Muslim rebels joyous, but wary, at peace prospects

Muslim rebels joyous, but wary, at peace prospects
Muslim women display a banner during a gathering in support of the signing of a final peace pact between the government and the Moro Islamic Liberation Front (MILF), in Manila on March 27, 2014.

SULTAN KUDARAT, Philippines - Joyous shouts of "Allahu akbar" echoed across the headquarters of the Philippines' biggest Muslim rebel group as a pact to end four decades of bloodshed was signed, but there were also fears war clouds had yet to pass.

The Moro Islamic Liberation Front (MILF) ended its rebellion on Thursday when its leaders signed a deal in Manila with the government that would create a new, autonomous Muslim homeland in the southern Philippines.

Various armed Muslim groups have been fighting since the 1970s for an independent Islamic state or autonomous rule in the south, which they regard as their ancestral home, and the conflict has claimed tens of thousands of lives.

MILF leader Murad Ebrahim said at the signing ceremony the accord was the "crowning glory" of his organisation's struggle, and his troops at their main camp 900 kilometres (550 miles) to the south voiced similar jubilation.

Hundreds of rebels, wearing camouflage uniforms and pointing assault rifles to the sky, shouted "Allahu akbar", or "God is greater", as they watched the historic moment on a television screen in a grassy field.

Senior MILF commander Usop Pasigan, 65, said he took up arms at the age of 17 and had lost three brothers in the fighting. Now he just wants to be a farmer and for his son to be able to live a normal life.

"I hope my boy will be able to finish college and not be an MILF fighter, like me," Pasigan told AFP as he stood alongside many other elderly soldiers in their military fatigues.

For Jamira Mapagkasunggot, 56, a member of the MILF women's auxiliary battalion, peace would mean being able to live without the constant fear of death.

"Most of the women have lost a father, a son or a nephew," she told AFP at Camp Darapanan, where rebels and their families live inside a sprawling compound of coconut groves and corn fields.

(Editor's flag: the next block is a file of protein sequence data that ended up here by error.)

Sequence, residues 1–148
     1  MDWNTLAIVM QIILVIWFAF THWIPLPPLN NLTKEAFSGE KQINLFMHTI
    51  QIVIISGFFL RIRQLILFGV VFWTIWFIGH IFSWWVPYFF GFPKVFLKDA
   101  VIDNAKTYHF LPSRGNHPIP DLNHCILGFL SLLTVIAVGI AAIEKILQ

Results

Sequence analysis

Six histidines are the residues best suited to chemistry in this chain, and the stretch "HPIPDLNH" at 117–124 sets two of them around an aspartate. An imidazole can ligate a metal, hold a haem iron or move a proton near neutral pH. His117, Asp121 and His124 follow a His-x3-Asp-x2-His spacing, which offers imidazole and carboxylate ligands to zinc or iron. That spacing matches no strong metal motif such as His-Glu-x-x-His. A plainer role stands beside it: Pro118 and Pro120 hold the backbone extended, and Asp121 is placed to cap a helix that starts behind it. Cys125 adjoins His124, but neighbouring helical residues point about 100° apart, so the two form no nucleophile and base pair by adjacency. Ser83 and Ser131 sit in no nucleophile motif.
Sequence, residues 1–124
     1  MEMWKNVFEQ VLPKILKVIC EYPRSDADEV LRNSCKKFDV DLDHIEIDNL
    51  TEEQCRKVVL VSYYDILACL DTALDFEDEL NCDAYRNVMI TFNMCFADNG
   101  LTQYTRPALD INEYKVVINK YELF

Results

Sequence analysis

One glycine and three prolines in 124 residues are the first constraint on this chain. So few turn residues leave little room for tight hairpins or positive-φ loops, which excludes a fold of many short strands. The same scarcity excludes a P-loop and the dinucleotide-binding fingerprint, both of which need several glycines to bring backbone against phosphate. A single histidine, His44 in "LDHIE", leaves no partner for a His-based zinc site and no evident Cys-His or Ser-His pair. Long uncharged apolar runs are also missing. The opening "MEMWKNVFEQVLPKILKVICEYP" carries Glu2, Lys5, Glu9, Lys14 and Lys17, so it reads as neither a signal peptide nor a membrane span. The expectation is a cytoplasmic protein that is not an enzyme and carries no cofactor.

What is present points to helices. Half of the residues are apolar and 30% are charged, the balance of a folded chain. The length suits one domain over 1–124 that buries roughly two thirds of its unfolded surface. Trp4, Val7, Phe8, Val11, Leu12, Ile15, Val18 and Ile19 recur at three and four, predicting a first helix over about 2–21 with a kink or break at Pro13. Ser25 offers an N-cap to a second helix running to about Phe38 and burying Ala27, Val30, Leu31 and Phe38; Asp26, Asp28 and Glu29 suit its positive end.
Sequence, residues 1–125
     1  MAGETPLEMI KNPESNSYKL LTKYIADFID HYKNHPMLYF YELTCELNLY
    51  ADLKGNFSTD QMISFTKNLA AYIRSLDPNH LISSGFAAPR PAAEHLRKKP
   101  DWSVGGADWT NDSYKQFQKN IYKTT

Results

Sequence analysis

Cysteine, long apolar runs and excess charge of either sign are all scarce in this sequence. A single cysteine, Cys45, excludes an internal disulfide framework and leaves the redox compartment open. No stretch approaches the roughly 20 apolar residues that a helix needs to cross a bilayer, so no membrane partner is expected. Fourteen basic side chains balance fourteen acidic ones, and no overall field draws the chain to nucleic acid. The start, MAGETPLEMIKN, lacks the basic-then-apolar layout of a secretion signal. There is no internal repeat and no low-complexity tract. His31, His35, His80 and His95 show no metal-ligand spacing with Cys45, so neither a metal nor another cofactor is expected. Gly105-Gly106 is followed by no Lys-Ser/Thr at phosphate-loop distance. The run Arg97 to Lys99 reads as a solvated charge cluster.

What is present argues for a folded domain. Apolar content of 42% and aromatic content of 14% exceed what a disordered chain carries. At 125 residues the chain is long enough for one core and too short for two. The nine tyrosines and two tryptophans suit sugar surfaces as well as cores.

Fears of more conflict

But while Mapagkasunggot was optimistic about the process, she also acknowledged the many potential pitfalls that lay ahead.

"We fear some groups might not be supportive of these peace talks," she said, referring to a wide range of smaller armed groups that roam the impoverished and often lawless southern Philippines that are opposed to the peace process.

Among them is the Bangsamoro Islamic Freedom Fighters (BIFF), which split from the MILF in 2008 because it wanted to continue pursuing independence.

The BIFF has just a few hundred militants, according to the military, but it has launched deadly attacks in the past to disrupt the peace process and has been able to withstand repeated government assaults against it.

"The war is not yet over. We are still here," BIFF spokesman Abu Missry Mama told AFP by telephone from his secret base elsewhere in the south.

Another armed group not covered by the peace accord is the Al-Qaeda-linked Abu Sayyaf, which specialises in kidnapping for ransom, while the area is plagued by private armies of corrupt politicians who may resist the new government.

The MILF, which has about 10,000 fighters, has committed to working with the government to neutralise the threat of rogue groups such as the BIFF, meaning future battles against former comrades are possible.

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